Anyhow: if this is the trend, let’s surf it! At least, my intention is sharing photos from my travels, therefore I decided to wait for Halloween to post this one taken during my recent trip around Portugal (perhaps I’m too commercial, but I try to be fully in line with the contemporary spirit of Halloween). I took this photo when I went to Evora, a lovely and old little city some kilometers south-east of Lisbon. One of the main touristic attractions here, is the “Chapel of Bones” (Capela dos Ossos, in Portuguese), which is connected to the Church of St. Francis. This is a very weird place, a bit shocking at the beginning; but at the end I enjoyed the visit. I didn’t know it, but there are several other “chapel of bones” around the world: one is in Rome, another one is in Milan (San Bernardino Alle Ossa); in all of them, bones are used to decorate walls also with the main scope of transmitting the message of being “transitory” (a sort of “memento mori”). In Evora’s Capela dos Ossos this is confirmed at the entrance, where the motto “We bones that here are, for yours await” welcomes the visitors. I found it pleasantly grim…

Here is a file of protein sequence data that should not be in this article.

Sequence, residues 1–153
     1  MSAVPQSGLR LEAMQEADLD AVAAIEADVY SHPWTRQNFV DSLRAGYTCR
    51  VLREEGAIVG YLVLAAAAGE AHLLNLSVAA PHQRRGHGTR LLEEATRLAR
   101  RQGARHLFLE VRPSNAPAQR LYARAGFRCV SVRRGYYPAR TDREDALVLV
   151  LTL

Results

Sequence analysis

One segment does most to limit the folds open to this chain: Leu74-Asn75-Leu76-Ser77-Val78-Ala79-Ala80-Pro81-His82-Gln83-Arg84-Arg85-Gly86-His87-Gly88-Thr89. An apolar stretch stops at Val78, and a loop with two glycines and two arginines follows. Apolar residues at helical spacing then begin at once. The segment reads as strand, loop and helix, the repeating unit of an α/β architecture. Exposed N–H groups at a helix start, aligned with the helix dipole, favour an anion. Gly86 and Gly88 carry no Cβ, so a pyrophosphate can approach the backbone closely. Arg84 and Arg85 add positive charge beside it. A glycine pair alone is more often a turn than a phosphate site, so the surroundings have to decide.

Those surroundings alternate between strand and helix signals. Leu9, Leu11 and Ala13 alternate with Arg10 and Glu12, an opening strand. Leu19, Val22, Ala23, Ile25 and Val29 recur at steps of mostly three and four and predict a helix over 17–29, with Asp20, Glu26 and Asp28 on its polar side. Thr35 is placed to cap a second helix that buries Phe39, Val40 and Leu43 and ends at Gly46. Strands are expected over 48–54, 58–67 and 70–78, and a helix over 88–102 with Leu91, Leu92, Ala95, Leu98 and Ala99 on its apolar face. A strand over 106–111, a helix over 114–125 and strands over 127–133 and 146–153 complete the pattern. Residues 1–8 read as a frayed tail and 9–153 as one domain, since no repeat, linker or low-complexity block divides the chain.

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Lace by Giopato & Coombes | Fuorisalone @ Milano Design Week 2017

Milan (Italy). Here we are again: one year has passed, and Milan is again the place to be for architects, interior designers, bloggers, design lovers and simple curious – like me. Well, this year I’m a bit beyond the pure curiosity, since I’m completing the renovation of my apartment and I feel myself much more involved than the past year. But this is a personal stuff, and I guess it won’t interest anyone.